Investigation of in vitro and in vivo antioxidant potential of secoisolariciresinol diglucoside
- 331 Downloads
The present study was designed to evaluate the in vitro and in vivo ameliorative antioxidant potential of secoisolariciresinol diglucoside (SDG). In vitro antioxidant activity of synthetic SDG was carried out using DPPH, reducing power potency, and DNA protection assays. Wistar albino rats weighing 180–220 g were used for in vivo studies and liver damage was induced in the experimental animals by a single intraperitoneal (I.P.) injection of CCl4 (2 g/kg b.w.). Intoxicated animals were treated orally with synthetic SDG at (12.5 and 25 mg/kg b.w.) and Silymarin (25 mg/kg) for 14 consecutive days. The levels of catalase (CAT), superoxide dismutase (SOD), peroxidase (POX), and lipid peroxidase (LPO) were measured in liver and kidney homogenates. The synthetic SDG exerts high in vitro antioxidant potency as it could scavenge DPPH at a IC50 value of 78.9 μg/ml and has dose-dependent reducing power potency and protected DNA at 0.5 mg/ml concentration. Oral administration of synthetic SDG at 12.5 and 25 mg/kg b.w. showed significant protection compared to Silymarin (25 mg/kg) and the activities of CAT, SOD, and POX were markedly increased (P < 0.05), whereas LPO significantly decreased (P < 0.001) in a dose-dependent manner in liver and kidney in both pre- and post-treatment groups when compared to toxin-treated group. The results of in vitro and in vivo investigations revealed that synthetic SDG at 25 mg/kg b.w. is associated with beneficial changes in hepatic enzyme activities and thereby plays a key role in the prevention of oxidative damage in immunologic system.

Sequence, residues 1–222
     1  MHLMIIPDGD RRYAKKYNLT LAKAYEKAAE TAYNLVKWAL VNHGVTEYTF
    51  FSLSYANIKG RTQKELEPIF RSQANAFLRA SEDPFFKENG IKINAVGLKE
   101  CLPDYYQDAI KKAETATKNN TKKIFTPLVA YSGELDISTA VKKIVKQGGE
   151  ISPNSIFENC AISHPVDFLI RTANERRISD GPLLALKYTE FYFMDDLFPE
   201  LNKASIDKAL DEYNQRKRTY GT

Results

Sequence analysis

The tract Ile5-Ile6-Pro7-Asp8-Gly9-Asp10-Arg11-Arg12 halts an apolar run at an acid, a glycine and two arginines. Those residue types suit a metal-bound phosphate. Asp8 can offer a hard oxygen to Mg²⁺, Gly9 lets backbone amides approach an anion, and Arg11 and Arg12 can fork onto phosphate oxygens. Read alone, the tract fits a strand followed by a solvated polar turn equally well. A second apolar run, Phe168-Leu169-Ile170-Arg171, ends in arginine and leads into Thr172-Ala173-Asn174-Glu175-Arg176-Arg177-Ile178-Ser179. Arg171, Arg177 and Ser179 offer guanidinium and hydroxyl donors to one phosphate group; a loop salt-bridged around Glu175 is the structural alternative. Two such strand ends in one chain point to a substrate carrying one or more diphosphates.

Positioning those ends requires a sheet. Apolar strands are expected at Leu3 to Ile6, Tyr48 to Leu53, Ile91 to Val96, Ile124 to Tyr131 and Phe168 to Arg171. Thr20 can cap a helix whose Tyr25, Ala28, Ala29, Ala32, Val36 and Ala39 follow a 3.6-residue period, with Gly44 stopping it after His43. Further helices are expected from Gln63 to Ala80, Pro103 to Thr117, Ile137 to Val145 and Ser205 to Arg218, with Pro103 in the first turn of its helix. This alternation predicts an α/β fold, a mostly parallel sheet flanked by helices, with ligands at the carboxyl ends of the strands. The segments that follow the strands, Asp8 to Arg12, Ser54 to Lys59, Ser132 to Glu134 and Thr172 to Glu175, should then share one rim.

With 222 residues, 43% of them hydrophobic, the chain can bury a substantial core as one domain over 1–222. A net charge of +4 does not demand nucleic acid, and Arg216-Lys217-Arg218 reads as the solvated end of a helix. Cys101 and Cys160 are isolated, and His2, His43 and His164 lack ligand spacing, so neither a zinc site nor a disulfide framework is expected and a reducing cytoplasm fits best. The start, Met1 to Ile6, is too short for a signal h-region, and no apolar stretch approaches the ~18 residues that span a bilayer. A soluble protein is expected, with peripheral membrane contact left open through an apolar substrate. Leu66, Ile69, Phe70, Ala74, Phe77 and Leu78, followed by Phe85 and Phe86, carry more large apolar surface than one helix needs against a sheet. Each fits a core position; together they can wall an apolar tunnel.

KeywordsSynthetic SDG Antioxidant activity DNA protection Silymarin Hepatic enzymes
The authors are grateful for the financial assistance provided by the Department of Science & Technology, New Delhi, to carry out this research work. We are thankful to the Departments of Studies in Chemistry/Zoology, University of Mysore, Mysore, for providing facilities and animals; and Indian Institute of Science, Bangalore for the assistance with structural analysis.
Conflict of interest
The authors have declared no conflict of interest.
- 1.Zheng RL, Huang ZY (2001) Reactive oxygen species. In: Zheng RL, Huang ZY (eds) Free radical in medical and agricultural science. China Higher Education Press and Springer Press, Beijing, pp 17–27Google Scholar
- 3.Halliwell B, Gutteridge JM (1989) Free radicals in biology and medicine. Clarendon Press, OxfordGoogle Scholar
- 12.Prasad K (1998) Prevention of IDDM in BBdp rats by secoisolariciresinol diglucoside (SDG) isolated from flaxseed. Diabetes 47(I): A360Google Scholar
- 20.Beuchamp, Fedovich BC (1976) Superoxide dismutase; improved assay and an assay applicable to acrylamide gel. Anal Biochem 10:276–287Google Scholar
- 32.Ahmed E, Moneim Abdel (2011) Antioxidant activities of Punica granatum (pomegranate) peel extract on brain of rats. J Med Plants Res 6(2):195–199Google Scholar